Last LAFA trial5 (LAparoscopy and/or FAst track multimodal


Last two decades have seen some
revolutionary changes in the field of surgery as a whole, and more so in
abdominal surgery. This era has not only seen a quantum leap in instrument
development, but also in its applications. Since Eric Mauhe1 and
Philip Mouret2 did the first laparoscopic cholecystectomy in the
late 1980’s, Minimal Invasive Surgery has established itself as the preferred
mode of treatment for most benign diseases. However, application of Minimal
Invasive Surgery to gastrointestinal malignancies including colorectal cancers
has been rather snail paced.


 I would like to discuss the era of
laparoscopic surgery for colorectal cancer in three phases. In early 90’s it
was ridiculed because of high incidence of port site metastasis reported in the
literature up to 21%.3 In the mid 90’s its use beyond trials was
violently opposed. In the beginning of the new millennium it is said that short
term advantages of laparoscopy are self evident as proven by most of the
trials. So we have moved from a period where technical feasibility and
oncological safety were a big concern, to a period where both these issues have
been put to rest. Today the issue is whether laparoscopic colorectal surgery
for cancer extends any long term oncological benefits in terms of overall
survival or disease-free survival to the patient as compared to conventional
surgery for colorectal cancer.

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There are certain advantages of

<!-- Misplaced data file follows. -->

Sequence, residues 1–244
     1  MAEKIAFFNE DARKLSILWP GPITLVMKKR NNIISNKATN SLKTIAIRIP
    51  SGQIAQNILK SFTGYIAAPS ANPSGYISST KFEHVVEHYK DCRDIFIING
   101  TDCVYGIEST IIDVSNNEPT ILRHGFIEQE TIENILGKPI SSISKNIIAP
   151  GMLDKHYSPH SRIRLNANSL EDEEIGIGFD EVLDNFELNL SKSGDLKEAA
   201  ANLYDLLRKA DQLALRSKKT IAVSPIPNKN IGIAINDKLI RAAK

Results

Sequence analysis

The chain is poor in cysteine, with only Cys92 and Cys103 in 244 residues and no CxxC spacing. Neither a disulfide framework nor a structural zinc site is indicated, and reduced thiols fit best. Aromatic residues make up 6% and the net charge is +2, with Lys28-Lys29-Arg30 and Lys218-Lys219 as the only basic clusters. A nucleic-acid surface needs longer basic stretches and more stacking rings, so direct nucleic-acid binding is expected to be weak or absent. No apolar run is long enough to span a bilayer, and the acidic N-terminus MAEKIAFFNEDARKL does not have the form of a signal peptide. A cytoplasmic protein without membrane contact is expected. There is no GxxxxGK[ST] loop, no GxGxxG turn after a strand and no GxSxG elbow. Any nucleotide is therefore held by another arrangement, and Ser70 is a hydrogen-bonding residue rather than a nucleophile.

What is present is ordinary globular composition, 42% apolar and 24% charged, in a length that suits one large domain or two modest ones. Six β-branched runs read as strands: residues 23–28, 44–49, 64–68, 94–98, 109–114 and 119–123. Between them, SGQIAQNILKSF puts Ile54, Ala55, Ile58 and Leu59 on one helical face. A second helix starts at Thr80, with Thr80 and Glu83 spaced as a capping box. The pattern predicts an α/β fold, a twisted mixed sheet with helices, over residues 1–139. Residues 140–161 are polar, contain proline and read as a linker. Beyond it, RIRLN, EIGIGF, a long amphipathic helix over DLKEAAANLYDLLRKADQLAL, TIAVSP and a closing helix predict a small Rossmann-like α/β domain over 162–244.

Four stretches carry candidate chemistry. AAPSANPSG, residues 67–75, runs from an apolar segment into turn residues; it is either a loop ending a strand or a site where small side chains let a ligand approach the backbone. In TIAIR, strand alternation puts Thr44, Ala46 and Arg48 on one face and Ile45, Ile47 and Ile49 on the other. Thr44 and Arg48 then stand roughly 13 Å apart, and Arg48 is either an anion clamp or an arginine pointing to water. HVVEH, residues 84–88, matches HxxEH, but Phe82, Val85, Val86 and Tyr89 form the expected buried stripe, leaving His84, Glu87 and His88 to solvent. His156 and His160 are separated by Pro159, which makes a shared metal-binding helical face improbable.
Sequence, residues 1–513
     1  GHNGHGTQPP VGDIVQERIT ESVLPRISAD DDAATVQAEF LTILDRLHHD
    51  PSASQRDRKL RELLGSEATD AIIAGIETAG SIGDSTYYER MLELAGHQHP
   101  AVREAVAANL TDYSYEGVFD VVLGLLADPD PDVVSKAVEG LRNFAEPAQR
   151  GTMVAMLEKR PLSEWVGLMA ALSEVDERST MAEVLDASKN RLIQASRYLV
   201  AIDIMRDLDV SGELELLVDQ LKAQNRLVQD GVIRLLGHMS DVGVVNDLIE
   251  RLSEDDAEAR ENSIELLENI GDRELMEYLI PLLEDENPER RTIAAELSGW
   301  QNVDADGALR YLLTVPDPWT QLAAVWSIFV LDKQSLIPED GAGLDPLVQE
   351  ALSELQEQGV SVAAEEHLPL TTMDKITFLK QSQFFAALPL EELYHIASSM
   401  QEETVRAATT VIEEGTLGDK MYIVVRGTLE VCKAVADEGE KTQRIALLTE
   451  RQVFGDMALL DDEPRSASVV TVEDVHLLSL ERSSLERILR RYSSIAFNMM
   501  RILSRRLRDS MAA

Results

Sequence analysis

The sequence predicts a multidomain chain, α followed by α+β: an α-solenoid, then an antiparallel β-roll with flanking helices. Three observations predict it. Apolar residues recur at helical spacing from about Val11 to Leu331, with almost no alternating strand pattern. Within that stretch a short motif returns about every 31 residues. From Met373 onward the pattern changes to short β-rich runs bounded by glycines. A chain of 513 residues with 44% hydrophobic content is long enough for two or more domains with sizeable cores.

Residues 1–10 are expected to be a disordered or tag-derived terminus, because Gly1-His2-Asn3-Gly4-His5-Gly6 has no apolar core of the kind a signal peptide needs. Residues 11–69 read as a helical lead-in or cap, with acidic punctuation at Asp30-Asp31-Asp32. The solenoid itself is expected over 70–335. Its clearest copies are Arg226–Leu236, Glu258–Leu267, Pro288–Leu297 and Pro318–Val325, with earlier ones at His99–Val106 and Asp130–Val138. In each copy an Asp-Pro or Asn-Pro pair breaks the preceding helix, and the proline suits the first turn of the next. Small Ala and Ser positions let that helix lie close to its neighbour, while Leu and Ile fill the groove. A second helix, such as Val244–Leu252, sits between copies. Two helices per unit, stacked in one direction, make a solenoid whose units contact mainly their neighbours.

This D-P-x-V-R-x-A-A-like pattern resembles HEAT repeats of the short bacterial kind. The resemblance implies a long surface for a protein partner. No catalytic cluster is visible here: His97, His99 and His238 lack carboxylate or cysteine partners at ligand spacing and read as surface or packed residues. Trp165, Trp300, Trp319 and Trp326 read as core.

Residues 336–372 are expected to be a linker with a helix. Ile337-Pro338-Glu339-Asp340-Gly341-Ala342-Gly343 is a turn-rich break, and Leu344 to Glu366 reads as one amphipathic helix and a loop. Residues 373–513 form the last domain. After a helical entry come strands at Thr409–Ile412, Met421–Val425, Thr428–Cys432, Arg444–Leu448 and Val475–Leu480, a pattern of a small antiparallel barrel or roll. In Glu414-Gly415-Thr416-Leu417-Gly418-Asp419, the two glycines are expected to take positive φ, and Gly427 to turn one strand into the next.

laparoscopic colorectal surgery over open surgery that have been proven beyond
reasonable doubt in the literature. These are:


Shorter hospital stay. The literature
is full of studies proving this point. Recently, a group of people applied ERP4
(Enhance Recovery Programme) to conventional colorectal surgery and
demonstrated that hospital stay after conventional surgery can be brought down

Currently LAFA trial5
(LAparoscopy and/or FAst track multimodal management versus
standard care) is underway which was conceived to determine whether for
patients having segmental colectomy for malignant disease, laparoscopic
surgery, fast track peri-operative care, or a combination of both is preferred
over open surgery with standard care. It will not be unfair or illogical to
preempt that if ERP is applied to laparoscopic group, it should bring down the
hospital stay. However, we would have to wait till LAFA trial results are out.


There are numerous studies
demonstrating short term advantages of  laparoscopic resection which include less
post-operative pain, earlier restoration of bowel function, and earlier mobilization
6,7,8 which lead to shorter hospital stay and
reduced direct costs25. In addition there
is less morbidity from blood loss and transfusion requirements9,
respiratory complications 10, wound infections 11,
better cosmesis 12, adhesions and incisional hernias 13.


There are certain technical
concerns about laparoscopic colectomy for cancer that too have been addressed
adequately in the literature and have shown to be equivalent to open surgery
for the same. These are as follows: